Short-term change in growth of uterine leiomyoma: Tumor growth spurts

Donna Day Baird, Tiana A. Garrett, Shannon K. Laughlin, Barbara Davis, Richard C. Semelka, Shyamal D. Peddada

Research output: Contribution to journalArticlepeer-review

46 Scopus citations

Abstract

Objective: To describe the short-term changes in growth of uterine leiomyomas (fibroids). Design: Prospective observational study. Setting: University research center. Patient(s): Premenopausal women with fibroids (18 blacks and 18 whites) recruited through a physician network and community outreach. Intervention(s): Not applicable. Main Outcome Measure(s): The volumes of 101 fibroids were measured at enrollment, 3, 6, and 12 months with magnetic resonance imaging, resulting in three interval-specific growth rates. Growth spurts were defined by interval growth rates ≥30% per 3 months and substantially greater than during other intervals of observation. An overall measure of short-term change in fibroid growth was calculated as the variance of the three interval-specific growth rates. Result(s): Growth spurts were observed in 37 of the 101 fibroids, a prevalence nearly tenfold higher than that attributable to potential measurement error. Fibroids from the same woman did not have similar short-term growth, nor were woman-specific factors (age, race/ethnicity, parity, body mass) or the fibroid position in the uterus important. However, large fibroids (>5 cm diameter) had less short-term change than smaller fibroids. Conclusion(s): Short spurts of growth are common for fibroids, suggesting that tumor biology may change rapidly.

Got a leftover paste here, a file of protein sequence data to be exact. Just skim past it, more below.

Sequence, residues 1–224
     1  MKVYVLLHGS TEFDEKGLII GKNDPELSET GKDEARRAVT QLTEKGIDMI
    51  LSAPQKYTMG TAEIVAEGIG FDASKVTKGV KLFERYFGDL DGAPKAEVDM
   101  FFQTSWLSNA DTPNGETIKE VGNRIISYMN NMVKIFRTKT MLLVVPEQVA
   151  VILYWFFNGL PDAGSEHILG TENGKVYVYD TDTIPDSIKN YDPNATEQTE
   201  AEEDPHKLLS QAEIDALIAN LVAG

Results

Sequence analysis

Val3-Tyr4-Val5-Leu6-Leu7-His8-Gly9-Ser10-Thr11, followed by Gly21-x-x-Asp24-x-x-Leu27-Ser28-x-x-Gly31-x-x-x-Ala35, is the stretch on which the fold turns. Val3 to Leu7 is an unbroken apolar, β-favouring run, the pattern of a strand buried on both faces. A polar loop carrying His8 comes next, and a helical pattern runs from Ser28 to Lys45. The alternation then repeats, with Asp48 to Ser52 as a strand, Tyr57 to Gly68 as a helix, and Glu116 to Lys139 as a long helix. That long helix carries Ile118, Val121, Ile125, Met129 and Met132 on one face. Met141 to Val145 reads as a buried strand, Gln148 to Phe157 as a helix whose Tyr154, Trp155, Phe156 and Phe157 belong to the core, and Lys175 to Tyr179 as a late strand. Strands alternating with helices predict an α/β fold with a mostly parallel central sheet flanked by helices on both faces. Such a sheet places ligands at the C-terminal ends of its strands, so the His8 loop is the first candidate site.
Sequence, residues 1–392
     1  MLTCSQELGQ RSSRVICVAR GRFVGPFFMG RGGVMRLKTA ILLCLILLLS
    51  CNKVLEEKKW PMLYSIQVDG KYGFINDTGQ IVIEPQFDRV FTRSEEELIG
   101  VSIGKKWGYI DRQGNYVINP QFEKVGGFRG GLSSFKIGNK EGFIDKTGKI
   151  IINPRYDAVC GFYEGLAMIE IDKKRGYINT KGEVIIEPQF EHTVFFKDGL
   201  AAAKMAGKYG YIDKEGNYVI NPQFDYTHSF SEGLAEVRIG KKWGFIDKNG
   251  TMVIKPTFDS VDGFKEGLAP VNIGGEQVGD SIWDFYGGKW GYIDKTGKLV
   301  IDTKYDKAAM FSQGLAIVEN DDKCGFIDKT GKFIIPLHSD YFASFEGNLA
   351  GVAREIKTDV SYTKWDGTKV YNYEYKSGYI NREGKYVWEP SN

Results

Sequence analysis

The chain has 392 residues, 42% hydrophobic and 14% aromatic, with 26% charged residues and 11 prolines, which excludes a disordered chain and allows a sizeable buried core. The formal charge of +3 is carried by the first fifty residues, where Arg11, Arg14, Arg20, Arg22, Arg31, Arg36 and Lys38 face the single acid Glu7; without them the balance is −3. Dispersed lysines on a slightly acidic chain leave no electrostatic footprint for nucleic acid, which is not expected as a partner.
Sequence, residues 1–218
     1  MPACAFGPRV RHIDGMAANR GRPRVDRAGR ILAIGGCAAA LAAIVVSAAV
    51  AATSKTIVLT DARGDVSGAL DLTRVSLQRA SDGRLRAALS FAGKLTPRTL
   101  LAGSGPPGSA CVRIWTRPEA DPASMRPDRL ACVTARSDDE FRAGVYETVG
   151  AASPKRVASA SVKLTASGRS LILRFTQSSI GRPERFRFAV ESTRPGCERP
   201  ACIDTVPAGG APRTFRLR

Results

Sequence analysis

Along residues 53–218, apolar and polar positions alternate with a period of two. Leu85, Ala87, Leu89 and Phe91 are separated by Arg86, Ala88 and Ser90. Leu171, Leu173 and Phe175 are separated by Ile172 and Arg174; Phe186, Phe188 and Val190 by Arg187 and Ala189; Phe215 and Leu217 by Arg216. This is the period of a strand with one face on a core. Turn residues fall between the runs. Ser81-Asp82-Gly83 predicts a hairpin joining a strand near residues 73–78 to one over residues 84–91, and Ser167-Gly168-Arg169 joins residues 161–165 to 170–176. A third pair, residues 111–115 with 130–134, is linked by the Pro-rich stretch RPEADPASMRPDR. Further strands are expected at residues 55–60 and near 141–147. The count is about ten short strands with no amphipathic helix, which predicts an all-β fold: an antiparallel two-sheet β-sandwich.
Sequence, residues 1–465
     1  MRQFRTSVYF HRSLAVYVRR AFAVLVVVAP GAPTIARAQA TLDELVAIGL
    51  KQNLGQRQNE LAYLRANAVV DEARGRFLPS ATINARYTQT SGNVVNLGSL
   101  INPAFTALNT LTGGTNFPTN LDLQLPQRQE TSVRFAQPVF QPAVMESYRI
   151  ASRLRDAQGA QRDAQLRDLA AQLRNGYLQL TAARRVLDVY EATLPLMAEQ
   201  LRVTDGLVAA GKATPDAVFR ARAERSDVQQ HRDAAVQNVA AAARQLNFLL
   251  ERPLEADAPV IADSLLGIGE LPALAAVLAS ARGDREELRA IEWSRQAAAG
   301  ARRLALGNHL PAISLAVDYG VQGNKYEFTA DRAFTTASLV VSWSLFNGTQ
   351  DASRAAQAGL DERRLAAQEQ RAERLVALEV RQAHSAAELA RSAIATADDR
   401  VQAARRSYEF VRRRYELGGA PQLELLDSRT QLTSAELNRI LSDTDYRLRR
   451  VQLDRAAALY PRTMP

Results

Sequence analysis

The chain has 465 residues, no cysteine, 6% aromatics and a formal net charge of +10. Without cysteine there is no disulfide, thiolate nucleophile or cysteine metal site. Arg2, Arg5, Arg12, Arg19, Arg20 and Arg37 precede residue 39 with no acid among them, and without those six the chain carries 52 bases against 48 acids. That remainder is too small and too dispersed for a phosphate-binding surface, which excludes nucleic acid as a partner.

Original languageEnglish (US)
Pages (from-to)242-246
Number of pages5
JournalFertility and sterility
Volume95
Issue number1
DOIs
StatePublished - Jan 2011

Keywords

  • Uterine leiomyoma
  • ethnic disparity
  • fibroid size
  • lon gitudinal study
  • magnetic resonance imaging
  • short-term variability
  • tumor growth

ASJC Scopus subject areas

  • Reproductive Medicine
  • Obstetrics and Gynecology

Fingerprint Dive into the research topics of 'Short-term change in growth of uterine leiomyoma: Tumor growth spurts'. Together they form a unique fingerprint.

Cite this